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Movie Review (Pre-Code Hollywood)

FOOTLIGHT PARADE

I know I wrapped up the Pre-Code marathon the other day, but this one had fallen down a bit on the queue.  Made in 1933, and starring the great Jimmy Cagney as Chester Kent.  Chester made his living making Broadway musicals, but alas, these new “talking pictures” are stealing all his work.  He devises a way to stay afloat, choreographing numbers to play before/after the films.  He’ll conceptualize and direct a number, and send that crew out on the road to play all the movie houses.  It’s full of little self-aware pokes at the movie business, like the censor who, unbeknownst to the filmmakers at the time, foreshadows the coming Hays Code enforcement: “this is what you can show in Connecticut, this in Massachusetts”.  A funny little moment when the censor is caught with one of the girls: “Ah, I was just showing Ms. Rich here what you can’t do in Kalamazoo.”

The cast is filled out by the always sassy Joan Blondell, cute Ruby Keeler, and dashing Dick Powell, and features three huge numbers by the always over-the-top Busby Berkeley.  Two of the numbers push the Pre-Code envelope: “Honeymoon Hotel” is about a certain hotel that is used for trysts, and “Shanghai Lil” is a somewhat racist little piece about an American serviceman’s Chinese prostitute.  All three of the numbers are too big to be believable.  I mean, they’re supposed to be taking place on the stage of a movie theater, in the space behind the screen, and yet there’s impossibly large casts and sets and costume changes.  Not only does the third number, "By A Waterfall", consist of huge tanks of water, fountains, rotating tiers, and waterslides, but the plot is to have us believe the entire number was conceived, choreographed, and all the sets built (and filled with all that water) on a movie theater stage in the matter of about 18 hours, tops.  Ah, the magic of the movies!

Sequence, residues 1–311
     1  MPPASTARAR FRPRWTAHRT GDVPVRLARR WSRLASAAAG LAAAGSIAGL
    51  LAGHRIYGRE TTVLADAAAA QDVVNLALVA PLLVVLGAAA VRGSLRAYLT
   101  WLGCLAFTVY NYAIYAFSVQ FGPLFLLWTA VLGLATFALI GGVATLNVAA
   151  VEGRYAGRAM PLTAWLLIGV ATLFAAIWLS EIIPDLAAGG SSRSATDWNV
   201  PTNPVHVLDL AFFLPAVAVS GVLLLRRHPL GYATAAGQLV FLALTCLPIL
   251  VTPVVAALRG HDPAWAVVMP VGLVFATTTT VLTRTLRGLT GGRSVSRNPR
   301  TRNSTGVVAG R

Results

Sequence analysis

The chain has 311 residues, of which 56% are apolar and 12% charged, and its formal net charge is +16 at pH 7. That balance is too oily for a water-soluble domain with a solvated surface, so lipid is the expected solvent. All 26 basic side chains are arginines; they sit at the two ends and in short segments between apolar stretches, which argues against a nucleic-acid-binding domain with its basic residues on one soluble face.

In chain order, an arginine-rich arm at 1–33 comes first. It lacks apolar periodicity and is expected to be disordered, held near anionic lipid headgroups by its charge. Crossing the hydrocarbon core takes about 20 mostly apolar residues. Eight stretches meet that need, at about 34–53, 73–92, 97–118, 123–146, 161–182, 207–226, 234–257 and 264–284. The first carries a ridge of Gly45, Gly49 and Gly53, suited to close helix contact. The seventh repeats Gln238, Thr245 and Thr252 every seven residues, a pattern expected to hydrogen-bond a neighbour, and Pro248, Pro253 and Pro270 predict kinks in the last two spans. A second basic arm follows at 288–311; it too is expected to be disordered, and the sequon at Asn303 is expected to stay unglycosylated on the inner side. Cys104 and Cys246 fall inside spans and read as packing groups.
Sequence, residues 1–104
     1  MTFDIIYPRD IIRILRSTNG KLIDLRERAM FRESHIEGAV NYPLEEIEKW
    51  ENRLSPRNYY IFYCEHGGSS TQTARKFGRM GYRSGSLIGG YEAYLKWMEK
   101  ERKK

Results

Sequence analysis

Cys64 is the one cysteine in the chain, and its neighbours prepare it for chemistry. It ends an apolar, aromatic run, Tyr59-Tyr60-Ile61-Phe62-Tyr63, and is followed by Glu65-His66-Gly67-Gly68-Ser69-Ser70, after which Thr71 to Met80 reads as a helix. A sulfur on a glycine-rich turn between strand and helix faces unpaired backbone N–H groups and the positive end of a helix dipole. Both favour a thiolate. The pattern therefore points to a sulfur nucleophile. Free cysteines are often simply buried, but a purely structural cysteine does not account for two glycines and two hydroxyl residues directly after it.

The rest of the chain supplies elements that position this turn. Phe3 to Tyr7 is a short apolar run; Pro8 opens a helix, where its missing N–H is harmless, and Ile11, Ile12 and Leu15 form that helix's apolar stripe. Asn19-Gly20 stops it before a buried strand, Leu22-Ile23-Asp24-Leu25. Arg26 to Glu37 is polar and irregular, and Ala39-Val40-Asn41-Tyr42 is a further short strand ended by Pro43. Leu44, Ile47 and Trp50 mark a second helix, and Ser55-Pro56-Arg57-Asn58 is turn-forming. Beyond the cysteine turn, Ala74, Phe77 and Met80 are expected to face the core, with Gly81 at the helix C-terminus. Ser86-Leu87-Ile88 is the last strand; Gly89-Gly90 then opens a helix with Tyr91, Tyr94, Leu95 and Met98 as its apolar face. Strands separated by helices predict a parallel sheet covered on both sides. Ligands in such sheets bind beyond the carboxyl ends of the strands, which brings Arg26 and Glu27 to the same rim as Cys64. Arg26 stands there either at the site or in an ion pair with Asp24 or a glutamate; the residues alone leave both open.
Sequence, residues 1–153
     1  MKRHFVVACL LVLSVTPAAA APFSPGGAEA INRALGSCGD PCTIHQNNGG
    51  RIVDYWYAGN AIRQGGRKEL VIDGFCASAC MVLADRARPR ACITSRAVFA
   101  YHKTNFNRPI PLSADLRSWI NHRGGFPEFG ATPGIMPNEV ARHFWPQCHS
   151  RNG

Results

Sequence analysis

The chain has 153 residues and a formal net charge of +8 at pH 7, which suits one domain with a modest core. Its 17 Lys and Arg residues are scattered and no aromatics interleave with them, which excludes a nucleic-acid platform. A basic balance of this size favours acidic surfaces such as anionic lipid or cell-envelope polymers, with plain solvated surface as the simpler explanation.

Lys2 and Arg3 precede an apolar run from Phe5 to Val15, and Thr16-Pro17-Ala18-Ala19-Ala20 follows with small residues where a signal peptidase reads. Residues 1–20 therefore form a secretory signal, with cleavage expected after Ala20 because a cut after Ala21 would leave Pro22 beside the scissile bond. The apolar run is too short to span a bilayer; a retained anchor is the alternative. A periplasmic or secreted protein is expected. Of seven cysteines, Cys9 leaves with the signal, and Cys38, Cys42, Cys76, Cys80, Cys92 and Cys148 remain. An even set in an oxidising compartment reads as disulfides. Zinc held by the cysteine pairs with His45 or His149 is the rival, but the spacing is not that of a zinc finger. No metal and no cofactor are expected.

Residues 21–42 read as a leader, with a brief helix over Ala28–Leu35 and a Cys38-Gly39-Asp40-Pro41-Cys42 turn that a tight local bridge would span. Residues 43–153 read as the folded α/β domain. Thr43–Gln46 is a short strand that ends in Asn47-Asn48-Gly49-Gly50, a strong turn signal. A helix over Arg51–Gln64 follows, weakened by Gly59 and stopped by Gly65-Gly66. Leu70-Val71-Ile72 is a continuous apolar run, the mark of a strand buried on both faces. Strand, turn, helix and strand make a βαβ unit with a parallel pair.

05:06 pm, by frants Comments